Expert Wine Tips

Wine tasting and food matching tips from our own local Master of Wine
4 August, 2014

Local master of wine Bob Campbell shares some beginners tips to build up your own wine knowledge for best enjoying your next glass.

Top 5 Wine Tasting Tips

  1. Use good tasting glasses – they make a big difference
  2. Shut out all distractions and focus only on the wine
  3. Look at the colour against a white background to establish depth and hue. With red wine tilt the glass at an angle and look at the rim of the wine to judge the hue (is it purple, ruby, garnet, brown etc.)
  4. Swirl the wine, jam you nose in the glass and sniff. What can you smell?
  5. Keep the head titled slightly forward, take a sip of wine, swirl it around the mouth and gurgle air through it. What can you taste?

Wine and Food Matching Tips

  1. Match flavour intensity levels (i.e. a delicate dish needs a delicate wine)
  2. If the dish has sweetness choose a wine that is sweeter than the dish
  3. If the dish has acidity (e.g. a vinegar-based dressing) choose a wine with plenty of acidity
  4. Choosing a wine with a similar texture and flavours to those in the dish will give a safe but uninspiring match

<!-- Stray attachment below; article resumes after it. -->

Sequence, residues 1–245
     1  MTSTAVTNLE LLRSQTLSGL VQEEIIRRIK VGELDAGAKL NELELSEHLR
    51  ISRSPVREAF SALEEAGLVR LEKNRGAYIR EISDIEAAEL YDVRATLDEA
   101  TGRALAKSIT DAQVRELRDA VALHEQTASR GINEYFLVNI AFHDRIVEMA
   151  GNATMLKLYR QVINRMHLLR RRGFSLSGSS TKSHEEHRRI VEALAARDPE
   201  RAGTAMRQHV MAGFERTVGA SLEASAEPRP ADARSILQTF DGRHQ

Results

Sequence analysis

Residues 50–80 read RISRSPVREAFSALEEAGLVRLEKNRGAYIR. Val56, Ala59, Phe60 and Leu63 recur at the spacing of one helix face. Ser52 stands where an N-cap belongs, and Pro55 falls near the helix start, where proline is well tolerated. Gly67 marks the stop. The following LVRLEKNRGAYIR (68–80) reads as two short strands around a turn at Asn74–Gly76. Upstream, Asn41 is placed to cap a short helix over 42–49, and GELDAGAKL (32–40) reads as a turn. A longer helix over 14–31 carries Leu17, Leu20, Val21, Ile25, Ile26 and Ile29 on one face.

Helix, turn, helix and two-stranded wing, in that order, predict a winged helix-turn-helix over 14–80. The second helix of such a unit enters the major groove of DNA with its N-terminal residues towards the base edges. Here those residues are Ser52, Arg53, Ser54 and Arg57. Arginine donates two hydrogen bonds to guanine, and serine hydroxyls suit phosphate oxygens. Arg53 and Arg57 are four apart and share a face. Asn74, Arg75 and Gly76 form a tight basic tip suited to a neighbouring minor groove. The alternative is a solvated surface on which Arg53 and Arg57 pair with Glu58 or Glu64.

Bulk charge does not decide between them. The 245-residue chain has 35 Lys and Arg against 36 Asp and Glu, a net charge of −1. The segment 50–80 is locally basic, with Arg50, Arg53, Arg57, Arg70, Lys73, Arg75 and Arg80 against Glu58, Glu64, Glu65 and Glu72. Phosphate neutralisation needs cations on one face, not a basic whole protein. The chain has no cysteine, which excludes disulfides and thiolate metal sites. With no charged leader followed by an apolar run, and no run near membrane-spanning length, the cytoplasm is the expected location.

5. Choosing a wine with texture and flavours that contrast to those in the dish is tricky but will potentially produce the best match

To dig further into the detail, here's what wines Bob Campbell recommends you drink with some of our favourite dishes at some of the best restaurants in town.

  1. A steak off the grill at Ostro? - A big, flavoursome blended red from 2010 vintage - Waiheke or Hawke’s Bay
  2. A delicate selection of sashimi from Masu? - In the absence of Sake (my first choice) I’d choose a dry Riesling
  3. A tomato style pasta at Baduzzi? - Pinot Noir
  4. A succulent rotisserie chicken dish at Federal Delicatessen? - A rich North Island Chardonnay from the 2013 vintage
  5. A light, fresh seafood meal from Depot? - Marlborough Sauvignon Blanc
  6. A spicy Mexican meal at Mexico? - An off-dry Rosé
  7. A chocolate dessert from Milse? - Botrytised Riesling

Finally, what is something novice winies out there could do to easily impress others in terms of their wine knowledge?
Spit rather than swallow.